Resource use and cost implications of switching among warfarin formulations in atrial fibrillation patients.
Ann Pharmacother. 2012 Dec;46(12):1609-16
Authors: Kwong WJ, Kamat S, Fang C
BACKGROUND: Despite the uncertainty surrounding the safety of switching warfarin formulations, limited data exist on the resource use and costs associated with this switching pattern.
OBJECTIVE: To evaluate health care resource use and costs associated with switching warfarin formulations among patients with atrial fibrillation (AF) in a managed care organization.
METHODS: Patients diagnosed with AF (ICD-9 427.31) between July 2004 and August 2008 and who received warfarin therapy were identified in the HealthCore Integrated Research Database and categorized into 3 groups: users of generic warfarin formulations from a single drug manufacturer (generic-only group), users of branded warfarin formulations only (brand-only group), and patients who used generic and branded warfarin therapy interchangeably or who may have used generic drugs from 1 or more manufacturers (generic/brand switching group). Patients were followed 12 months or longer after their index warfarin prescription date to compare all-cause resource use and costs using multivariable regression analysis.
RESULTS: The analysis included 12,908 patients: 71.82% were in the genericonly group, 9.61% were in the brand-only group, and 18.57% were in the generic/brand switching group. Patients in the generic/brand switching group were more likely to be hospitalized (relative risk [RR] = 1.43, p < 0.0001) or to use emergency department services (RR = 1.20, p < 0.01), compared to the brand-only users. Hospitalizations were more likely (RR = 1.26, p < 0.001) to occur among generic-only users versus brand-only users. Adjusted mean pharmacy costs per member per month were lower in the generic/brand switching group compared to the brand-only group ($257 vs $273, p = 0.038), but inpatient costs were higher ($1250 vs $972, p < 0.001), resulting in higher ($2125 vs $1847, p < 0.001) total costs. Generic-only users had lower pharmacy costs compared to brand-only users ($246 vs $273, p < 0.001), but total health care costs trended to be higher in the generic-only group ($1957 vs $1847, p = 0.053).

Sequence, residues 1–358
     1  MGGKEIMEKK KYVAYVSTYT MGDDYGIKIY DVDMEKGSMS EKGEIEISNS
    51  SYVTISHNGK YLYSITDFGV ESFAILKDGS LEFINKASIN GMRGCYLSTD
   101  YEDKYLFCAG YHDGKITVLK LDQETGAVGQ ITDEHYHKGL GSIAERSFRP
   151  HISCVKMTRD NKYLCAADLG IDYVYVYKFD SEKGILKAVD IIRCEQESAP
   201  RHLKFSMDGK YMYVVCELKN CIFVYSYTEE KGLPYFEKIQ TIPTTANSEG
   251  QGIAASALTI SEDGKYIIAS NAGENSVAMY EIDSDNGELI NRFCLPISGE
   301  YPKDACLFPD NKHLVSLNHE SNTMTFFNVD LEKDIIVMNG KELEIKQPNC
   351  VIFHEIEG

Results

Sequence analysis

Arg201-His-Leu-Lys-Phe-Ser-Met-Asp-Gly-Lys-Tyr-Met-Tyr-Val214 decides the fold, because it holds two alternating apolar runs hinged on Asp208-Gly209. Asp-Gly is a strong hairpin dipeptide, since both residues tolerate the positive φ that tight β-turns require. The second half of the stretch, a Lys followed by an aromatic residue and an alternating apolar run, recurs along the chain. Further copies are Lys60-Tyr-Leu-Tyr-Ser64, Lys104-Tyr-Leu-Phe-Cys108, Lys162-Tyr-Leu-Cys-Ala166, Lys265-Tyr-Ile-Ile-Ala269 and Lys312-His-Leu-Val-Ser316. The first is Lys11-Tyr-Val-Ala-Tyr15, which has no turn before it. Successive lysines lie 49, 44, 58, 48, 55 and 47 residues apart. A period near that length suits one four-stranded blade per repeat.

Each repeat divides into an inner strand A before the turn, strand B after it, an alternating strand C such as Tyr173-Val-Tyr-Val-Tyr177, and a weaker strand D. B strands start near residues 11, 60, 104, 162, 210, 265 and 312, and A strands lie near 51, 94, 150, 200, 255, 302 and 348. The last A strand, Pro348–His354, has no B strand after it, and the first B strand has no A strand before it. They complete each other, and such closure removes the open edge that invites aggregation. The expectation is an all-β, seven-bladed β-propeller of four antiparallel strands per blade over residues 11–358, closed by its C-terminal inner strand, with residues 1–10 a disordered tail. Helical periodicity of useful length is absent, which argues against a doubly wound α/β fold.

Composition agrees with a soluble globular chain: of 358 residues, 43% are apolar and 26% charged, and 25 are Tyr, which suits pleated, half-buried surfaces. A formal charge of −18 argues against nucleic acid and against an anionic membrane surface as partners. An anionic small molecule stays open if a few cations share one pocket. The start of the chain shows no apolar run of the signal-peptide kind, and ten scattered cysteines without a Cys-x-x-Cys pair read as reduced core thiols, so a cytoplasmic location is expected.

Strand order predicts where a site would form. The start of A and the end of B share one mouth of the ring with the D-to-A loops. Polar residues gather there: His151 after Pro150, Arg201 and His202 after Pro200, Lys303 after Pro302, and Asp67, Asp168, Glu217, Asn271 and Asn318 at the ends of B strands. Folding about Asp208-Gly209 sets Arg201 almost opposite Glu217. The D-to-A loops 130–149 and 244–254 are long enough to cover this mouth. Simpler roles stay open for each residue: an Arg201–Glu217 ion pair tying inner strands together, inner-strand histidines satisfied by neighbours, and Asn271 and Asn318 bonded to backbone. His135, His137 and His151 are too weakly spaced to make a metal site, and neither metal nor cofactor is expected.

CONCLUSIONS: The use of both generic and branded formulations of warfarin interchangeably, or the use of generics from more than 1 manufacturer, was associated with increased use of all-cause health care resources and total costs in patients with AF.
PMID: 23150608 [PubMed - indexed for MEDLINE]